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Daily Dish

Buy this now: Beets, with 12 recipes

Russ Parsons
The California Cook
Forget the trends, beet salads have a beauty that endures

Which scorned salad came first? Beet or kale? I can no longer recall. It seems that both have been with us always, though I can vividly remember times when no sane person would ever admit to liking either. 

That’s how fast food fashion changes these days. At one moment, you’re the star of every menu in town. Then before you know it, you’ve become a cliché. But it’s important to keep a perspective that is a little bit longer than what’s trending on Twitter. 

Certainly, beet salads no longer have the ability to shock us the way they once did — but good is good and a well-prepared beet salad is great. 

Beets, which once could only be found in Harvard red, now can be bought in deep gold, white, even bull's-eye stripes. The differences are basically decorative — all varieties taste pretty much the same. They’re sweet and earthy with a slight tannic finish like spinach.

(Fun fact: that distinctive earthy flavor comes from a naturally occurring chemical compound called geosmin, which is also a contributing factor in petrichor — the smell in the air after a good rain. Far less pleasant, it also contributes to that muddy flavor in badly farmed fish such as tilapia and striped bass.)

All beets can be prepared the same, simple way. Trim the leaves leaving an inch or so of stem (save the greens and stems; they’re delicious, too). Give the beets a good scrub (particularly around the bases of the stems, where cracks tend to collect dirt). Don’t trim the long taproot at the base — the beet will bleed juice.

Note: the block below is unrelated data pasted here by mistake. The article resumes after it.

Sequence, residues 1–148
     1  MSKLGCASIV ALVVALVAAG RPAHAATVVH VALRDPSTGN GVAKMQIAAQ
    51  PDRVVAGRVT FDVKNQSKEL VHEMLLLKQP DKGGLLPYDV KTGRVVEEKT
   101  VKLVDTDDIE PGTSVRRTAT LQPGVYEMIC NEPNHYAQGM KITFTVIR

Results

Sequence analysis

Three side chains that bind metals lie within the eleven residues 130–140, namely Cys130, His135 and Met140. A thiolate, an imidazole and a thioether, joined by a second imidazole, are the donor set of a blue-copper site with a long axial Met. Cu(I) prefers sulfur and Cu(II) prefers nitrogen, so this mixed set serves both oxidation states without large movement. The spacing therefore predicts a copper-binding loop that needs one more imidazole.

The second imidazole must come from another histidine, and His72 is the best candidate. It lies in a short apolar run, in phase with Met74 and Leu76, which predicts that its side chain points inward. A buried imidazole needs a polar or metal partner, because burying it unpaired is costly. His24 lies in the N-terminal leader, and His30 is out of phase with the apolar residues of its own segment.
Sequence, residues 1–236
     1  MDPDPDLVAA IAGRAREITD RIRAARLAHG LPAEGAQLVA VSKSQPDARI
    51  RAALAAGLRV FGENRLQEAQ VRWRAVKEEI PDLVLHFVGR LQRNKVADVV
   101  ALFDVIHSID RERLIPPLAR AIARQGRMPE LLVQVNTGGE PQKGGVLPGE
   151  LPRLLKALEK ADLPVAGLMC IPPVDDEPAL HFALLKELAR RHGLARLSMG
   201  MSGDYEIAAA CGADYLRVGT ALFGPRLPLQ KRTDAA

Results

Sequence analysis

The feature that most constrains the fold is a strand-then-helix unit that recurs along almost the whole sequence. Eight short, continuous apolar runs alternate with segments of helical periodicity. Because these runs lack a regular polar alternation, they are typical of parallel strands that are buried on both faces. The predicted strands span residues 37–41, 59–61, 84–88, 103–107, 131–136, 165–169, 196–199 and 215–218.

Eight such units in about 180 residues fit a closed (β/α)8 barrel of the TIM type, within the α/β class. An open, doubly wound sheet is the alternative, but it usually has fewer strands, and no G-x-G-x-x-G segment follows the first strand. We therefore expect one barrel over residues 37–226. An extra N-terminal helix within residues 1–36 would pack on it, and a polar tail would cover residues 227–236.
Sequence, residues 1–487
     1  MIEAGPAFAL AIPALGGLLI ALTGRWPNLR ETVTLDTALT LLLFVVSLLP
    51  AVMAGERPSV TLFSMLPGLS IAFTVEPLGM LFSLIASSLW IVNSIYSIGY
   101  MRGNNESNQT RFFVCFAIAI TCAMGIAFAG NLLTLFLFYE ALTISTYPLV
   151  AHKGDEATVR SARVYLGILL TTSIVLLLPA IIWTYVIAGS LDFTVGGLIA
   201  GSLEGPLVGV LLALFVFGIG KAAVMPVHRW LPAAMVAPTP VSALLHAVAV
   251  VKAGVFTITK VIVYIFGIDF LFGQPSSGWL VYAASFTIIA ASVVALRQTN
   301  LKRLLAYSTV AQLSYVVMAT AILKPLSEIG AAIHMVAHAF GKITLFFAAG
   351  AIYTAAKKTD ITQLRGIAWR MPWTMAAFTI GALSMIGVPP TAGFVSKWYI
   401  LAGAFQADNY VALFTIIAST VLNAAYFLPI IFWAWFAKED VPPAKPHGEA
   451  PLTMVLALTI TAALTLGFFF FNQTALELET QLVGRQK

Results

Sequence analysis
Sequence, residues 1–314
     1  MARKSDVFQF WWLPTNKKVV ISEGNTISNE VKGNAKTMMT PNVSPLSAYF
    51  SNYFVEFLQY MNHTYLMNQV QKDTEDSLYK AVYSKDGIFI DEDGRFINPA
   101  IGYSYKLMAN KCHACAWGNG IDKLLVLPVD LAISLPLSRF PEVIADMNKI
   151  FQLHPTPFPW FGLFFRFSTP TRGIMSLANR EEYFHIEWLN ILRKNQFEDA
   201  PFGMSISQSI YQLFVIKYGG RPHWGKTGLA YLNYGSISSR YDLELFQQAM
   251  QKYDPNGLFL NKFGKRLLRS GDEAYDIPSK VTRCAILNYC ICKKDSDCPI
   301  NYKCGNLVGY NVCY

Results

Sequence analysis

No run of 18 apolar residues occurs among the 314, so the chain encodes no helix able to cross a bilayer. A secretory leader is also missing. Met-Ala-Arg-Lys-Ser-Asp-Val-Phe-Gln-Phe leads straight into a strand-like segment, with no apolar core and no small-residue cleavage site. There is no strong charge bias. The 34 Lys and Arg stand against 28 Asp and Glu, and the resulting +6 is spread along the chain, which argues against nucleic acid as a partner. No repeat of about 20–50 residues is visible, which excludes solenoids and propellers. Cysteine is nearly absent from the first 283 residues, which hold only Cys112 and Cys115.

Too cook them, just wrap a bunch of them in foil and roast on a baking sheet at 400 degrees. They’re done when a paring knife slides in easily, about an hour. 

Let the beets cool slightly before peeling the skins away with your fingers. They’ll just slip right off. Pro Tip: Work on a surface that’s easily cleanable; there are few things in the food world that will stain like red beet juice.

Once the beets are prepared, you can make a salad with almost anything you can find in the refrigerator. 

You can make it with all kinds of cheeses – it’s equally good with creamy burrata, salty ricotta salata or blue, or, of course, goat cheese. You can pair it with a crisp bitter green like radicchio, tender butter lettuce or sweet slices of oranges. Top it with toasted nuts or croutons. It’s all good.

Don’t believe me? Here are a dozen beet recipes -- salads and not -- to get you started.

How to choose: The key to selecting the best beets is to look at the tops, not the roots. The tops will start to wilt and fade long before the roots show any trouble at all. Look for greens that are crisp and vibrant. Only then should you check to make sure there are no nicks or cuts on the roots.

How to store: Beets keep well – just stick them in a plastic bag in the crisper drawer of the refrigerator.

Are you a food geek? Follow me on Twitter @russ_parsons1

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